In Papua New Guinea, 1500+ women die every year from childbirth-related causes – 80 times higher than in Australia. And these deaths are, mostly, preventable.
Alcohol and other drug use is associated with a range of health and social harms conservatively estimated at costing the Australian community some $55 billion a year.
We conduct leading research on alcohol and other drug use and related harms in Australia. We work with a variety of at-risk populations, including young people and people who inject drugs. Using innovative research designs and methods, the program has a strong history of collaboration with researchers from key national and international institutions.
Our main objectives are to:
Document the trajectories of alcohol and other drug use and key intervention points to reduce harms
Develop innovative studies to improve our understanding of patterns of alcohol and other drug use in the community
Develop, implement and evaluate new interventions to reduce alcohol and other drug related harms.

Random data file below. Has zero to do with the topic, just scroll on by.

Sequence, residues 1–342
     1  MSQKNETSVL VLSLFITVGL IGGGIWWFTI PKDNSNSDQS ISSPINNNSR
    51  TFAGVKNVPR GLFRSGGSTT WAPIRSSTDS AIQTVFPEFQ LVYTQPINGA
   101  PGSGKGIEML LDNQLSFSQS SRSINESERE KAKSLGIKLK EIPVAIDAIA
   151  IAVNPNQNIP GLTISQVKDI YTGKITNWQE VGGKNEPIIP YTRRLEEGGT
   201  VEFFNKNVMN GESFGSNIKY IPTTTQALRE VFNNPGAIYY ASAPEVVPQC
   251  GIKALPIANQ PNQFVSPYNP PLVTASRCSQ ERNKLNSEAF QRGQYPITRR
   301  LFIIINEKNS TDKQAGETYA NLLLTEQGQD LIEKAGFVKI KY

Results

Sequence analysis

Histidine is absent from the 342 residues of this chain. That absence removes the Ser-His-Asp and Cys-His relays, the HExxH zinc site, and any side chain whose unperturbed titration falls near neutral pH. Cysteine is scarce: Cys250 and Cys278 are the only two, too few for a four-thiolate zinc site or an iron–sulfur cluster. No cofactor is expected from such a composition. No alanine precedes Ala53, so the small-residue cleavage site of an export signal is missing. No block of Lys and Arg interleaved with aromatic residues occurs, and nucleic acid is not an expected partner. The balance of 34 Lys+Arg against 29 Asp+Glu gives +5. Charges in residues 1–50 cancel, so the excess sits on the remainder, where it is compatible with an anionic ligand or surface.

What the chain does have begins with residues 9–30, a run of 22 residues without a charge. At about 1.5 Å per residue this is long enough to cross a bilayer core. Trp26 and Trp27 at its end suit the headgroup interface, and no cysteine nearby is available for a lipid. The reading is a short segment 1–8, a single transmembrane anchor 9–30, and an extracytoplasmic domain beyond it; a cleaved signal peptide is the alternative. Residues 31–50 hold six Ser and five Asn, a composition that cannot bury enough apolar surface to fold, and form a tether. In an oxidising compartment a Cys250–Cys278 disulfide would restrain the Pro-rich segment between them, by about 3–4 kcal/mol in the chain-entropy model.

The SuperMIX study: a longitudinal study funded by the NHMRC designed to examine patterns of drug use, health service use and health and social outcomes in a cohort of people who inject drugs (2008-2021).
Mobile Interventions to address Drinking in Young people (MIDY): a randomized trial funded by the NHMRC to develop a mobile-phone based intervention to reduce risky drinking by young people.
Burnet Institute received $2.5 million from the NHMRC to establish the Centre for Research Excellence into Injecting Drug Use (CREIDU). CREIDU brings together partners from research institutes, universities and community-based organisations across the country, with the aim of increasing out knowledge about injecting drug use, so we can identify ways to improve policy and practice in the area to reduce the severity of health and social outcomes associated with injecting drug use.
The Melbourne Injecting Drug User Cohort Study (MIX) has recruited almost 700 young heroin and methamphetamine injectors, who will be followed up annually to study trajectories of drug use, health service use and health and social outcomes over time. First-year follow-up interviews are complete with second and third year interviews now underway.